Israel’s lone soldiers on view

Lone soldier Marissa Krasner hugging her host family’s daughter is one of the photos in Sarah Schecker’s exhibit, “Be Strong and Courageous” Photo by Sarah Schecker
Sarah Schecker

Sarah Schecker, a Montgomery County native and a senior at New York University’s Tisch School of Arts, wanted to find a way to make Israel more relatable to her peers. So for her senior thesis, the 22-year-old photography major decided to focus on Israel’s lone soldiers, members of the Israel Defense Forces who have no immediate family members in the country.

Many lone soldiers are citizens of other countries, including the United States.

“Moving halfway across the world to defend the Jewish state and I think the most honorable form of bravery I could most possibly find,” she said.

With Israel’s 71st Independence Day falling at sunset on May 8, Schecker’s project is up just in time at the art gallery at Tisch. It will be on display until May 24, the same day she graduates. It can also be viewed at
Joel is one of 11 soldiers photographed by Sarah Schecker. Photo by Sarah Schecker

The project, called “Be Strong and Courageous,” features 11 soldiers in their daily lives. The project’s title is from Deuteronomy 31:6: “Be strong and courageous! Neither fear, nor be dismayed of them, for the Lord, your God He is the One Who goes with you.”

Schecker said that photographing these particular soldiers was her way of bringing the Israel-Palestinian conflict to her peers.

“I knew my audience is predominately American,” she said in a phone interview from New York, “and with so much discussion about the State of Israel, I thought it would be easy for people to relate to people like them, coming from the same place. It gets a discussion going about Israel. And they get to see young men and women putting their lives on the line fighting for the State of Israel.”

Israel has always been important to Schecker. She grew up in Silver Spring and attended Charles E. Smith Jewish Day School and Walter Johnson High School.

She had visited the country several times before and considers it integral to her Jewish identity.
She began looking for the soldiers she would photograph during her junior year. She first turned to social media.

“It started with a Facebook post: ‘Hey, who knows any lone soldiers who want to be in a project?’ and from there [it was] this person knows this person knows this person who knows this person,” she said.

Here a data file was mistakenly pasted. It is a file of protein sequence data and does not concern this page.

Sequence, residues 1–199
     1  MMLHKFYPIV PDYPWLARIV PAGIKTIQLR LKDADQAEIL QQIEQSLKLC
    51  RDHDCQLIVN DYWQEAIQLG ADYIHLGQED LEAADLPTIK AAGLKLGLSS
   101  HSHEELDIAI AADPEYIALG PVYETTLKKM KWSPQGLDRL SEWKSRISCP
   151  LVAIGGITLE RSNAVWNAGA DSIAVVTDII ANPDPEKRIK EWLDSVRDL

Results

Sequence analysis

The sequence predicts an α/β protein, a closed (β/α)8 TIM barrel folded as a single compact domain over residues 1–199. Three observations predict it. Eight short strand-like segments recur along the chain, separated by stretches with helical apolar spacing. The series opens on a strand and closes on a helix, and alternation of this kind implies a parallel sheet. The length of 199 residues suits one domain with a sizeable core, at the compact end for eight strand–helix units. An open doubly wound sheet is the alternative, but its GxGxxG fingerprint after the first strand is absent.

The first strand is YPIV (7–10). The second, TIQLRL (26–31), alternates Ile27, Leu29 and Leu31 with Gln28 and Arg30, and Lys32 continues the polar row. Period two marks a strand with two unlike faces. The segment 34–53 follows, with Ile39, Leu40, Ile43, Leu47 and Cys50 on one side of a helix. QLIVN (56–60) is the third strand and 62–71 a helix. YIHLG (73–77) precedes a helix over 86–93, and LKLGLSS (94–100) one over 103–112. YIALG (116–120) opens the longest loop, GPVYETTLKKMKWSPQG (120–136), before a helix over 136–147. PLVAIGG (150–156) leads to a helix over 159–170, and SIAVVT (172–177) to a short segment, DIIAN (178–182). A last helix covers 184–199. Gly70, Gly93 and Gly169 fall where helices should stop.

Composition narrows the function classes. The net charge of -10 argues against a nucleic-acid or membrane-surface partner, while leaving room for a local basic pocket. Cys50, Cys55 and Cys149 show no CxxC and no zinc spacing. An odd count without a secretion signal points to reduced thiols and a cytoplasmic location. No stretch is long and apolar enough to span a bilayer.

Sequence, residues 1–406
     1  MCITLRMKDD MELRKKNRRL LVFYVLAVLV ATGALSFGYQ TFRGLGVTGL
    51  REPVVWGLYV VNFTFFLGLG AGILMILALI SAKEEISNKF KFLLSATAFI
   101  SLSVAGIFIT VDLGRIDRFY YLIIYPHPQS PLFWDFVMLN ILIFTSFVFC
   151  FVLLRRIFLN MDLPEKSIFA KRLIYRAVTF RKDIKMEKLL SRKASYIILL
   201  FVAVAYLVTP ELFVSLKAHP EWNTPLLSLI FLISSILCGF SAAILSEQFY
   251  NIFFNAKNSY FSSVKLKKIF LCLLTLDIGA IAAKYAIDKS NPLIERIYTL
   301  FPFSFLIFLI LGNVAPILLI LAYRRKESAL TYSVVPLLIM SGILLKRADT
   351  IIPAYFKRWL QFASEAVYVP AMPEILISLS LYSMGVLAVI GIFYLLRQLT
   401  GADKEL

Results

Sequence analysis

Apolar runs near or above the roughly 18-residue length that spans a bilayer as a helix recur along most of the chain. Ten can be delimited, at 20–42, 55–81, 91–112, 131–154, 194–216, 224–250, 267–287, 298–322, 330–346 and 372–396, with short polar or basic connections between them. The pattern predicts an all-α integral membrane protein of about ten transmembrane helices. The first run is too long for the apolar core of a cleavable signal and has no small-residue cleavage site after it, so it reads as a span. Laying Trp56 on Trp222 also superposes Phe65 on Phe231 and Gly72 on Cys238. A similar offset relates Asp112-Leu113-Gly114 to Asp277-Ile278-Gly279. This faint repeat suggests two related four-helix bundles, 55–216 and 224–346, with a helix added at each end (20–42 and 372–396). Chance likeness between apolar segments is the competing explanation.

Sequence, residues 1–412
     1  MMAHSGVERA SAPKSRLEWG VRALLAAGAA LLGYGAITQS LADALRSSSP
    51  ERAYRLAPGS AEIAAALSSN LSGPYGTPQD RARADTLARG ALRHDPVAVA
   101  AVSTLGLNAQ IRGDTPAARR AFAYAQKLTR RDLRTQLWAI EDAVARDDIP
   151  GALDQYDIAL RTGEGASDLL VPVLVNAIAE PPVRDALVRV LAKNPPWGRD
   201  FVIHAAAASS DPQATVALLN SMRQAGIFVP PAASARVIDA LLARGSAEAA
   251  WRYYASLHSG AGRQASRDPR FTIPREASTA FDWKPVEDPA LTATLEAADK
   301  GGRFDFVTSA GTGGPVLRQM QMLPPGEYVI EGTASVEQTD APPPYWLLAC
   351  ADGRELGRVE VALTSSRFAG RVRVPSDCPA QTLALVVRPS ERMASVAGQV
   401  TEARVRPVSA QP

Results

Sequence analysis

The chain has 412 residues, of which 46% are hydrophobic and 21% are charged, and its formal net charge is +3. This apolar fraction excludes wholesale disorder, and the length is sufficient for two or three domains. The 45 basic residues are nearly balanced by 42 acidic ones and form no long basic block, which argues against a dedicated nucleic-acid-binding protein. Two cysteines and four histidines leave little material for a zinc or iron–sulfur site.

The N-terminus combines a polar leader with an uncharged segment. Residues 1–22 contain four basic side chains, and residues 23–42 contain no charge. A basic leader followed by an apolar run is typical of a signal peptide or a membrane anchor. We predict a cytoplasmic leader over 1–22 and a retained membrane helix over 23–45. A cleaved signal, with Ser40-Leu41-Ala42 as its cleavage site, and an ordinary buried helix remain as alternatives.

In March and August 2018 she went to Israel for 10 days each to photograph her subjects.

Her most memorable day was with a soldier named Marissa Krasner, who lives on Kibbutz Erez on the border of Gaza. Schecker followed Marissa to the supermarket off the kibbutz.

“She was carrying her gun with her, just going shopping,” Schecker said. “The reality of having that gun with her was shocking to me. It was a great start to the project. After shopping, she did laundry, packed up to go to the base — all the small, simple things that seem so mundane that are part of the reality of being there is complicated in the lives of the soldiers.”

She took hundreds of pictures a day. In the process, she became close to many of her subjects and was able to explore Israel in a way she never had before.

“Before, I was always on an organized trip to Israel. This was the first time on my own. I got a real taste of what living there is like, how beautiful it is. I got to see things I wouldn’t have otherwise,” she said.

Once she had her photos, the hard part began. Back in New York, she worked with her professor to pare down the several thousand photographs to just 45 for her final display.

While Schecker shoots on film, she does edit the photos digitally, but doesn’t manipulate them. Her photographs haven’t led to a dialogue with NYU students who support the boycott, divestment and sanctions movement against Israel — about why Israel has a right to exist. Instead it has met with silence or anonymous comments. But she is happy that the display is up for Yom Ha’atzmaut.

“[The photos are] a reminder that we’re still fighting for that freedom. People just like us are fighting for that freedom and embodying the bravery of the State of Israel,” she said. “Some people obviously
love [the project.] Others have a problem.”

Photos are the best way to reach others, she said, because they don’t require people to read to understand.
“Photos are the best vehicle to reach the widest audience,” she said. “[Photography] is a language of its own and I feel like anyone can understand it.”

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  1. I was this person in 1971 when a bunch of my American friends joined the army together. I proudly served my country and continued to serve during the Yom Kippur War. I was very lucky to live on a kibbutz where I had an adopted family . I would do I to again in a heartbeat


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